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Lethbridge Herald Newspaper Archives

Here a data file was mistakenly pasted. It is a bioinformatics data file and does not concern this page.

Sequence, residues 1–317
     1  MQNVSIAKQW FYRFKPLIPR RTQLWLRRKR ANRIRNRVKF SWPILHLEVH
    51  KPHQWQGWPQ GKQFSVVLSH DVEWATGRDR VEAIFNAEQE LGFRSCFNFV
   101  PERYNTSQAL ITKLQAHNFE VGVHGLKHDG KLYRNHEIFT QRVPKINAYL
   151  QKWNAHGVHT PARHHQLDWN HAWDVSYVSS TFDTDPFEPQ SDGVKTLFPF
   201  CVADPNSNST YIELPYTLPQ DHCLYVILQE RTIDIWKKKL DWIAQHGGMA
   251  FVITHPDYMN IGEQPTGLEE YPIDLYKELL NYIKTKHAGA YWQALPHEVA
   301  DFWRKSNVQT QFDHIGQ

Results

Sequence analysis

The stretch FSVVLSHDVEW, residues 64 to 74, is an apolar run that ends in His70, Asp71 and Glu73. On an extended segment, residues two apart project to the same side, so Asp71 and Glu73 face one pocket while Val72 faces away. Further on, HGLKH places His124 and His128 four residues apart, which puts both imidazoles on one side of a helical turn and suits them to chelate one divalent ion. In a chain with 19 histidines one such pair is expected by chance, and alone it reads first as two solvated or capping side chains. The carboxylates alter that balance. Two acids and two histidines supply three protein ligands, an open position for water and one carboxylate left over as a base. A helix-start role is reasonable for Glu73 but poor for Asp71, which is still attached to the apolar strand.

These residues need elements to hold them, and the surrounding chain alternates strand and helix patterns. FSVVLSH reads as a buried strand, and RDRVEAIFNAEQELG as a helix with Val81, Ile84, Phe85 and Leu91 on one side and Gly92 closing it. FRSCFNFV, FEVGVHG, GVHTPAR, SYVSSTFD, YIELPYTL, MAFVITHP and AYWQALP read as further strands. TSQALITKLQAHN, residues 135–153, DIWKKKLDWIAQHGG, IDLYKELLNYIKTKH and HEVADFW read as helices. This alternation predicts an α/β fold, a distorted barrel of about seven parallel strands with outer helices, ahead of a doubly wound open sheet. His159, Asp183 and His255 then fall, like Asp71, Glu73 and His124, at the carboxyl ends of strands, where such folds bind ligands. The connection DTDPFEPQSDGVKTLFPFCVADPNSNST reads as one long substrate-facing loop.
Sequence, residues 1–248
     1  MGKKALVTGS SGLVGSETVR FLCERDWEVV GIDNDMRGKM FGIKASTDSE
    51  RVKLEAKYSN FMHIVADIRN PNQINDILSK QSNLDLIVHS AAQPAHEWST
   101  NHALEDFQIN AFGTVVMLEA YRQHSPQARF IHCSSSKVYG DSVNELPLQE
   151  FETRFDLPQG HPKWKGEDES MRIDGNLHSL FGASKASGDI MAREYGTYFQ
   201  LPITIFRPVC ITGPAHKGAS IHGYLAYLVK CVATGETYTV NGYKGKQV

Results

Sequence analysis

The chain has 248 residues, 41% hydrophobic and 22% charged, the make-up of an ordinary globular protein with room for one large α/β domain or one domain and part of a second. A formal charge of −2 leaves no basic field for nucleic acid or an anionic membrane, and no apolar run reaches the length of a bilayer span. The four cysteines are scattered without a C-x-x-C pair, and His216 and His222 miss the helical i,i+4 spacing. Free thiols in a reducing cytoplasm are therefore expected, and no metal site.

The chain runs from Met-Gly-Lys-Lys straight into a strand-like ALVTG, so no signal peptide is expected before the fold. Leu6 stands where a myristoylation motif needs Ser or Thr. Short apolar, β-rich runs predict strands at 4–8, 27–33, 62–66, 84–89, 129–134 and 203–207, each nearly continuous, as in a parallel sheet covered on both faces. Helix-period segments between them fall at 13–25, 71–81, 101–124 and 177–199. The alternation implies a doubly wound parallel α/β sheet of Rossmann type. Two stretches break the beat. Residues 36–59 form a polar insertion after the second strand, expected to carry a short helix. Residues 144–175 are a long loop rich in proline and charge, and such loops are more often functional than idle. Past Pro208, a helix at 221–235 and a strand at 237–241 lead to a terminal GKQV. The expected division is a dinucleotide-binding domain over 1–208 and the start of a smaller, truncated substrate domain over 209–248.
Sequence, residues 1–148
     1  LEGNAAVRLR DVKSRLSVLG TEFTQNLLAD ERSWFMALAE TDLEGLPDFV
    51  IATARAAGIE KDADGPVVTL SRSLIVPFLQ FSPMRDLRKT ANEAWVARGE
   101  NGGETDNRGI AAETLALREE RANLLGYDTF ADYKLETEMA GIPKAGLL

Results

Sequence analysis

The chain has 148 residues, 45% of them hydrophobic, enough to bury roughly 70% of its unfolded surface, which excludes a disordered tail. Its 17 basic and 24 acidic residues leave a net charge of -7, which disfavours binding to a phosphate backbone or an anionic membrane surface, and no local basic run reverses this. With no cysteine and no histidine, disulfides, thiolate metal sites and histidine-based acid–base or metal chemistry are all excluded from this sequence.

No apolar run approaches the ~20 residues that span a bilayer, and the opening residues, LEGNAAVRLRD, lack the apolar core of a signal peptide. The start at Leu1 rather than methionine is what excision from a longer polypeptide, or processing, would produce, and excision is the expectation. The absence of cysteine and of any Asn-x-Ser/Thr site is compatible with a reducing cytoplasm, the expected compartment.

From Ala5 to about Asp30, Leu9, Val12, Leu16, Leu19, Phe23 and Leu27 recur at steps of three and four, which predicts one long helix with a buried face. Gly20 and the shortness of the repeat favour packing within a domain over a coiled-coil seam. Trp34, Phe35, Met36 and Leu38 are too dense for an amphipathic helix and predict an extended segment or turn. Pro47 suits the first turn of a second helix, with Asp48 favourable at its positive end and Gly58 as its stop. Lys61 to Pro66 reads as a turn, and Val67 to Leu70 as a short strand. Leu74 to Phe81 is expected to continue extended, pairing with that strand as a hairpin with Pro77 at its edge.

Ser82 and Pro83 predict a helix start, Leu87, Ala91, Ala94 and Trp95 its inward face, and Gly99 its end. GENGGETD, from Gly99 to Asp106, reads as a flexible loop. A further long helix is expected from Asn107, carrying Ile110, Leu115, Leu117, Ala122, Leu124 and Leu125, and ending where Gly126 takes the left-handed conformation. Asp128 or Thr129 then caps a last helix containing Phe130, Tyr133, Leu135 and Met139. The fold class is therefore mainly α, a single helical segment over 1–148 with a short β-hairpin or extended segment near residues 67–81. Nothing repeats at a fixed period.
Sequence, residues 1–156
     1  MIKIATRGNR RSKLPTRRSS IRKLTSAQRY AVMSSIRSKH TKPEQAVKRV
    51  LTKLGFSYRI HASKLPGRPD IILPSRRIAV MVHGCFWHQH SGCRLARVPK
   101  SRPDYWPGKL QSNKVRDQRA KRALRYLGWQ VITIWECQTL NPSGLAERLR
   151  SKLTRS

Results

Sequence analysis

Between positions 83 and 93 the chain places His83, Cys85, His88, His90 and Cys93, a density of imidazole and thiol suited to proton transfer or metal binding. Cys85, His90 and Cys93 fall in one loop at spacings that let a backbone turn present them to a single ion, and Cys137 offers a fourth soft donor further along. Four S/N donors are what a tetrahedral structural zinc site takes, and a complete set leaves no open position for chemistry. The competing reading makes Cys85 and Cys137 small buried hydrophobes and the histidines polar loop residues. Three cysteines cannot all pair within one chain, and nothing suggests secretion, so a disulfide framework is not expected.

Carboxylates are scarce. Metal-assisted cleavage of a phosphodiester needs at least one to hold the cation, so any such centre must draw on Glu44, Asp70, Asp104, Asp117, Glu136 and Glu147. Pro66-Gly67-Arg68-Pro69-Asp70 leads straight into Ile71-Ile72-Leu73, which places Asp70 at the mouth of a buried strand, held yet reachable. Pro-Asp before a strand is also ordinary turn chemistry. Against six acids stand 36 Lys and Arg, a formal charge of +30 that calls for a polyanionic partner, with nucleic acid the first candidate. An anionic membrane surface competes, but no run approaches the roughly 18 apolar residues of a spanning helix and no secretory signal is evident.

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Lethbridge Herald, The (Newspaper) - April 18, 1972, Lethbridge, Alberta S. Muuor Timday, April 18, IV75 THt UTHBRIOGI HERAIO Predicting the end of the world again 'JTILU; Cabal with i 1 s Mes- sianic predictions m a y contain on explanation of thu cliiliiistic pessimism over tlio end ot tlie world that, at tlio approach of llic one thousand mark, has gripped the Western U'orld for Ihe second time id its history. Last lime it hap- pened towards ttie ciul of tlio 10th century, and now, as tho year 2000 looms, it lias rc- cmcrged with imclimmcri vigor. 11 impresses ilself upon us as an i n e 1 u c I able phenomenon, and it is impossible lo deter- mine whether it stems Irom the morphology of politics dis- cerned by the lace Sir L e w i s Namicr, the onetime doyen o( British historians who argued Ihat recurrent situations in his- tory reproduced analogous forms, or whether it is an un- conscious Imitation of the past, an ineradicable human trait that lias rendered mankind's history so repetitively monot- onous. Whatever the causes, less than 30 years before ttie ad- vent of the second millennium mankind Is given over lo a mood of despair, and is behav- ing in a manner not dis- similar lo that of its forbears of a thousand years ago. To- wards the end of 1000, after centuries of wars, invasions, break-ups of e p i r e s and a break-down ut law and order, tlic conviction thai tlio end of Hie world was ijnini- Jient. Indeed, a number of rev- olutionary movements rose in anticipation of (lie tmthcomini; final reckoning to advance thu Lord's work and cio some reckoning of llieir own. The social disintegration that liad then been going on for five centuries had begun, according to Gibbon, the decline ot Home, "where laxcs were mul- tiplied with the public distress" and "economy was neglected in proportion as il became ne- cessary" iwo slartlingly fiinliliar phenomena. Tl'.o name- of Roman citizen continues Gibbon which had formerly excited Ihc ambition of man- kind, was abjured liy who preferred to join the barbarians and adopt their own With the disintegration of flic once-stable ftoman structure came the barbarian invasions so reminiscent of the preach- ings of Chairman Mao in his prc-Kissinfler days, that is when he used to incite Ihc peo- ples of the "world villages" to attack the "cities." The Huns, the Slavs and the Magyars hart done exactly that until another empire rose lo deal with them, The erosion of British symbols By Christopher Young, editor ot The Ottawa Citizen there is one phrase in the current political argot Ihat I find increasingly irritat- ing it is "the erosion of our symbols." Perhaps only in Canada would the use of Ihe word "our" in such a conlcxt actually mean "Iheir." The phrase translates in English speaking Canada as "Ihc erosion of Brit- ish symbols" surely a nat- ural and inevitable process in a country that ceased long since to be a colony and thai has been moving steadily away from the post-colonial status symbolized by the word "do- minion." The desirability of gradual- ness is obvious iti an area which is not of very great prac- tical importance but where psy- chological and emolional fac- tors impinge on politics. The changes are analogous to that process by which, in a normal family, a child passes imper- ceptibly into adulthood with a gradual relaxation and ulti- mate severing of the apron- strings. Canada has been i. grownup for quite a while now, though some arc slow lo recognize iL Less than 30 years ago a front- rank Brilish politician, Lord Halifax, seriously proposed a common post-war foreign pol- icy for the Brilish Common- wealth and Empire, as it was then known. Sixteen years ago the Conservative opposition in Canada took the position in Lhe Suez crisis that the duty of this country was to rally ue'iind Britain without asking cheeky questions, regardless of the motives snd methods that had led the Eden government into its policy of folly. Today it is doublful that im- portant politicians in cither country would speak in the same terms. On neither Rho- desia nor Ireland, to take tv.o current areas of Brilish diffi- culty, have we heard serious proposals that Canada should be lining up with Mum. VeL still they quack on in Parliament, about "the erosion of our symbols." Slill they mount the platforms oi such ouality named organizations as Hie Empire Club to fight a bat- tle that was really decided in Victorian times. More seriously and more di- visively, the ultra-Brits among us try lo spread Ibe poisfmo-.is idea that (he erosion of Brit- ish and royal symbols is a French plot, devised by a French Canadian prime min- ister and his republican hench- men. History, of course, demon- strates otherwise. Those slurdy Borden and King, per- formed the decisive surgery on the apron-strings; Pearson dis- pensed with the Union Jnck. But the Tory royalists jra nol much interested in histor- ical evidence. They are inler- esled in stirring up hostility against a Liberal government, and if that can best be done by rousing ancestral animosities of race, language or religion, they praise the Queen and pass the gasoline. That Is why it may be impor- tant for those of us who are by ancestry, but who think as Canadians rather than as exiled Britons, lo stand up on Ihe issue. "speak Ihe tongue Ihat Shakespeare spake"